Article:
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This year’s enormous Alice Neel show at the Met deserved its acclaim. But it included such a wealth of Neel’s mature portraits — humane figures often surrounded by blue lines — that it was hard not to see her earlier work as a transitional phase.

The canvases in “Alice Neel: The Early Years,” at David Zwirner, curated by Ginny Neel, the artist’s daughter-in-law, with Bellatrix Hubert, are a remedy. Spanning more than three decades (1927-1959), they are arranged, very loosely, in order of size and weight as well as chronology, as if to guide viewers toward a transcendent encounter with the artist’s grown sons. Captured, with Neel’s singular magic, sitting regally, “Richard” (1959) and “Hartley” (1957) are pulsing, slippery and alive, at once present and opaque.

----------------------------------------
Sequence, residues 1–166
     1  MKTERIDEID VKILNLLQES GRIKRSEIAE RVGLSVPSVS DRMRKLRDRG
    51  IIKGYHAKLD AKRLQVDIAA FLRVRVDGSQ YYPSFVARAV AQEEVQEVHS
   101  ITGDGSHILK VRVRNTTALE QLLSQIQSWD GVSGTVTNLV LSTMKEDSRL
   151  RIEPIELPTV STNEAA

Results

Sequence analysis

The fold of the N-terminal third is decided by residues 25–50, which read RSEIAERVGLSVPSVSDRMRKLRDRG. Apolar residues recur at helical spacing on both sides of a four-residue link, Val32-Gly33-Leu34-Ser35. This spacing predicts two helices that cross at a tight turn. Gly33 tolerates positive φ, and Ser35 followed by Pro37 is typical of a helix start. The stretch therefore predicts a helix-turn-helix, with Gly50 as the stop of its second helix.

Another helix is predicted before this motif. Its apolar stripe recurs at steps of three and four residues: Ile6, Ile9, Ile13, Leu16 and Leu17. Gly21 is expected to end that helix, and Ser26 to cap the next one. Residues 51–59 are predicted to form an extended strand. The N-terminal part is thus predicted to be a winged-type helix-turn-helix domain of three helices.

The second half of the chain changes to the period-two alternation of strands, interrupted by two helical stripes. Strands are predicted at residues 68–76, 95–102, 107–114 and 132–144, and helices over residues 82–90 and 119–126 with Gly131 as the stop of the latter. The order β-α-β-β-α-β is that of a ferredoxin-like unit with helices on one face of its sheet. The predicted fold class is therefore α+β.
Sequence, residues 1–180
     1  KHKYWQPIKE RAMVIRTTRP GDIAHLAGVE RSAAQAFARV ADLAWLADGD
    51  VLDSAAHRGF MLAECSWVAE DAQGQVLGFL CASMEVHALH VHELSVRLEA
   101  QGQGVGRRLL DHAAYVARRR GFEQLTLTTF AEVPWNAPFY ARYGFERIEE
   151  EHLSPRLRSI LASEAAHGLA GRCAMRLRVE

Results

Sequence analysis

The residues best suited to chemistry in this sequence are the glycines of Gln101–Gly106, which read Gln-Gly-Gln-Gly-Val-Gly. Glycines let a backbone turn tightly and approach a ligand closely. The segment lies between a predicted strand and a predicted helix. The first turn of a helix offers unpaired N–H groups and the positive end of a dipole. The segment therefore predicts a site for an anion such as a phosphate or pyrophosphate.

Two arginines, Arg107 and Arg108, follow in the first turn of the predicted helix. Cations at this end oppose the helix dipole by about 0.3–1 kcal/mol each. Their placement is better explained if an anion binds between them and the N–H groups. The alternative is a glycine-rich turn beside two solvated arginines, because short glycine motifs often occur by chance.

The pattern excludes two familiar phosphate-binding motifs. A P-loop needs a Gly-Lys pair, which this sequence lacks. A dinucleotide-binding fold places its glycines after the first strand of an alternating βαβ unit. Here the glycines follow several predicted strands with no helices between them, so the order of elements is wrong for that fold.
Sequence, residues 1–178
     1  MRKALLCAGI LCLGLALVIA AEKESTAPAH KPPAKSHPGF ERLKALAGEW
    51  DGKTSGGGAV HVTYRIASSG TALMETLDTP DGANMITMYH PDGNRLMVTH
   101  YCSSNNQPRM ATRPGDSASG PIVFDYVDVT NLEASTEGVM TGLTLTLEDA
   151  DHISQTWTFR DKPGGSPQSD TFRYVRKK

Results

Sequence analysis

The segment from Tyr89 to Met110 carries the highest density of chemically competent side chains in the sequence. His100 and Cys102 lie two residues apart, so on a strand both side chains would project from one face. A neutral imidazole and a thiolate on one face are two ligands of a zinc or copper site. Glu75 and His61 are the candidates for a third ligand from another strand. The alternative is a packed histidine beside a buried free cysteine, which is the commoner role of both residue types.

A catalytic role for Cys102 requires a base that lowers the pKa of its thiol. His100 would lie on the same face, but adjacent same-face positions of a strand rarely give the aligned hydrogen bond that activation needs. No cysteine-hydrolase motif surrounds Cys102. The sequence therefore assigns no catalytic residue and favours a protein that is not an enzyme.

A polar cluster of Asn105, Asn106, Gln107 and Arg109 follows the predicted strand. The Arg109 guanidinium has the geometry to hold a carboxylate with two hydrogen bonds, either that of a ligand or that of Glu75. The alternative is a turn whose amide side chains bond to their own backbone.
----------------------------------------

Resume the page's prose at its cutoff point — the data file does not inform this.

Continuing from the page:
Until you get to them, though, the show’s emphasis is on the strange and grimy landscapes, dreamscapes and caricatures of Neel’s 1930s and ’40s. Though her fabulous eye for emotional detail is already there — notice the impatient bohemian raising his eyebrows in “Village Party” (1933) — in many ways she’s still learning to paint. A receding street in “Under the Brooklyn Bridge” (1932), for example, looks more like a hill of clay, and many of the compositions are distinctly awkward. But that very awkwardness and idiosyncrasy, given its own space, is also a robust way of depicting an intense and mysterious world. Look at those red and yellow buildings under the Brooklyn Bridge, crammed edge to edge and crushed over the street: You’ll hear the clatter of trains overhead and feel the energy of a chaotic metropolis. Consider the obtrusive green fence behind her Village party: You’ll feel hemmed in and claustrophobic, too.